Do not be afraid to let your clients know that you are running late because of reduced staffing or workflow challenges. Be honest and let them know when to expect the final product. They will appreciate your honesty. Let them know that they are valued, and the steps you are taking will protect them, our community, and of course the accounting team.

Ashley from Envolta Accounting (Ottawa, Canada)

Ashley Ryan is the Chief Innovation Officer at Envolta Cloud Accounting. They made Ottawa’s fastest-growing company list in 2018 and 2019.

📖 Learn how Envolta is building their ultimate tech stack.

What has your firm done to cope with the disruption?

It has been very important for us to make adjustments for our clients during this time, as many of them are having to downsize. Our heart goes out to them, so we are making service adjustments to their services with us, in order to support them.

We are also hosting webinars and providing updates and information on how COVID-19 affects tax and accounting.

How are you maintaining communication with your clients?

We have been reaching out to clients via phone and one-on-one. With any sensitive situation it is important to handle it with the utmost care and discretion.

What tools are most useful for you right now?

Because we are old hands at working remotely we continue to use Zoom, Slack, Google Drive and Karbon as some of our main communication and collaboration tools.

What has been the single biggest challenge?

Making tough business decisions. We always want to put our customers and team first, but in times of financial difficulty sometimes you have to make decisions about the business over individuals which is always hard.

What habit is proving to be helpful?

During quarantine and working from home, I'm finding it valuable to go out walking every day. One can socially see people at 6ft of distance, be in nature and get exercise.

When you feel overwhelmed, unfocused or fearful, what do you do?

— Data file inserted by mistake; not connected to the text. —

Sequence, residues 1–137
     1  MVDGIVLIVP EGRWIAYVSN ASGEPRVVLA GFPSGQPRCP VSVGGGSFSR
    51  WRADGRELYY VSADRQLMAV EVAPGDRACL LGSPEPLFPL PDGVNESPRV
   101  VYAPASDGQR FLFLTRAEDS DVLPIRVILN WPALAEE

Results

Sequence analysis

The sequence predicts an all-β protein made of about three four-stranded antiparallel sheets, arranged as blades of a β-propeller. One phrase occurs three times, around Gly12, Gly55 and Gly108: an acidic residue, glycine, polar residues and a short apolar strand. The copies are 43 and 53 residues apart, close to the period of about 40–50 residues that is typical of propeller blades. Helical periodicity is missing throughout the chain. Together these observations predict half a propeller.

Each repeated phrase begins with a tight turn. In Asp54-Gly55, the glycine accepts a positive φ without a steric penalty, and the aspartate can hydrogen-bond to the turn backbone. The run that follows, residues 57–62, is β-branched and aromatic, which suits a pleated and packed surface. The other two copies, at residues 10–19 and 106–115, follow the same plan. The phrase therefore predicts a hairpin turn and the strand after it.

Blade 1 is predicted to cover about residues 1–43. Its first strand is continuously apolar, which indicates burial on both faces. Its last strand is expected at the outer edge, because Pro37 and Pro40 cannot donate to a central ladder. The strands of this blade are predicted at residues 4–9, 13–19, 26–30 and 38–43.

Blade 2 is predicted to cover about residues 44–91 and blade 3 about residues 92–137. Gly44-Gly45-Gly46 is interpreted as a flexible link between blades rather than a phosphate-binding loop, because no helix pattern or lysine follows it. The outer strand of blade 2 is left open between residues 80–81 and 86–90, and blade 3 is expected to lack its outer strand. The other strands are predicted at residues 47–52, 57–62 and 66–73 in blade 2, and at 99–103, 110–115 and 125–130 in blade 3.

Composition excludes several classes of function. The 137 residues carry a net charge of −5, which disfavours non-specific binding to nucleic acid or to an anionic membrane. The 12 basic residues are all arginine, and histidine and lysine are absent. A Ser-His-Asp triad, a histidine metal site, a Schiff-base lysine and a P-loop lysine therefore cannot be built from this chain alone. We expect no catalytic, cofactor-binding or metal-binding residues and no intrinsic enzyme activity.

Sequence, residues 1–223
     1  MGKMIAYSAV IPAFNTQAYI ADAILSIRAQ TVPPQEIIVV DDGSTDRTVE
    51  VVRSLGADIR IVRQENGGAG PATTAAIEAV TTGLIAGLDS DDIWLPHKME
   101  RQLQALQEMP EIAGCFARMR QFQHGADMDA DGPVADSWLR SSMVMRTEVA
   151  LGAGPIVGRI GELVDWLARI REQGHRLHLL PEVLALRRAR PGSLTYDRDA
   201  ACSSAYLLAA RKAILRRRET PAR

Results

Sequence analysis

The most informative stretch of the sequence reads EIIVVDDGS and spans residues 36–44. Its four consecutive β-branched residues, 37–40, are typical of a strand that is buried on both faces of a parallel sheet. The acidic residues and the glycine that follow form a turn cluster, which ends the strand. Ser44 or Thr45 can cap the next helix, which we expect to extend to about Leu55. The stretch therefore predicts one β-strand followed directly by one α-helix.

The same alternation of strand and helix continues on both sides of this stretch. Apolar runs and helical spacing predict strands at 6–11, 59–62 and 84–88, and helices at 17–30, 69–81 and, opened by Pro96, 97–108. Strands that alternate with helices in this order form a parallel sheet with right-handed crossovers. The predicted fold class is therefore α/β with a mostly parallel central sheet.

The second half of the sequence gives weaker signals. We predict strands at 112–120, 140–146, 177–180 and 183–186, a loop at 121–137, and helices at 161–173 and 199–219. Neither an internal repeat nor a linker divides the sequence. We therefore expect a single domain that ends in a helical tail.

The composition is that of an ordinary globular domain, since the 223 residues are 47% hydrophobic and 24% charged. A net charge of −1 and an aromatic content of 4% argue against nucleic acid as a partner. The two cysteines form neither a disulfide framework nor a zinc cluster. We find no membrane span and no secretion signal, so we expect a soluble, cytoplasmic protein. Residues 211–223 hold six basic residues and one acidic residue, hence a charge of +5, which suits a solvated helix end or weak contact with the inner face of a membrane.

As a leader it's very important to stay calm, cool and collected for your team. This is your job in a leadership role. It's not helpful to anyone getting caught up in fear and anxiety.

I focus on what I can do one step at a time, and I remind myself I need to keep it together for the team.

Ashley Ryan, Envolta Cloud Accounting

What advice do you have to help other firms survive and thrive in this crisis?

Diversify. If you serviced only events companies for example, you would be in trouble given the repercussions on the events industry. Niching is great, but have a few different niches on your client list.

Also, save, save, save. If you are living paycheck to paycheck, times like this would be exceedingly difficult. Now is the time to shave expenses and save.

Ed from Chan & Naylor (Sydney, Australia)

Ed Chan is the Non-Executive Chairman of Chan & Naylor, which he co-founded in 1990 and helped grow into one of Australia's leading accounting firms. He also lends his expertise and experience to other accountants through WIZE Mentoring.

📺 Watch Ed provide his advice on how to survive and thrive during a crisis.

What has your firm done to cope with the disruption?

First, we took steps to remove the risk of our office needing to shut down. If a single person gets diagnosed with coronavirus, then the whole office would close for 14 days. So early on, we asked staff to work from home.

We also asked all staff in contact with anyone considered high-risk to self-isolate for 14 days. We handled this via written policy, plus verbal directive and answered any questions they had.

How are you maintaining communication with your clients?

We contacted clients advising them not to come into the office and to instead send their work in via email or post. If they need to see someone they will be asked to sign a declaration that they do not have any symptoms, avoid any hand-shaking and keep a distance of more than one meter.

We look for opportunities amongst your clients and talk to them about how we can help them during this time.

Ed Chan, Chan & Naylor

What tools are most useful for you right now?

Karbon, Ignition, Slack and Xero help us maintain the same environment for staff to work from home.

What has been the single biggest challenge?

The confusion created and the panic from the clients has resulted in an increase in emails, phone calls and meeting requests. We have increased our communication, run webinars and taken their calls in this period of hysteria.

What habit is proving to be helpful right now?

I try not to listen to the hysteria and to keep calm by getting stuck into work.

When you feel overwhelmed, unfocused or fearful, what do you do?

I recall the last few times when we have been in other periods of disruption and confusion. Eventually the storm passes.

What advice do you have to help other firms survive and thrive in this crisis?

The difference between firms that survive and thrive in a crisis, and those that don’t, is time. The more time we have, the better position we are in to ride out the storm. So you need to work out ways to buy time. This means doing everything you can to create the cash buffers to be able to pay for expenses and ride out the storm.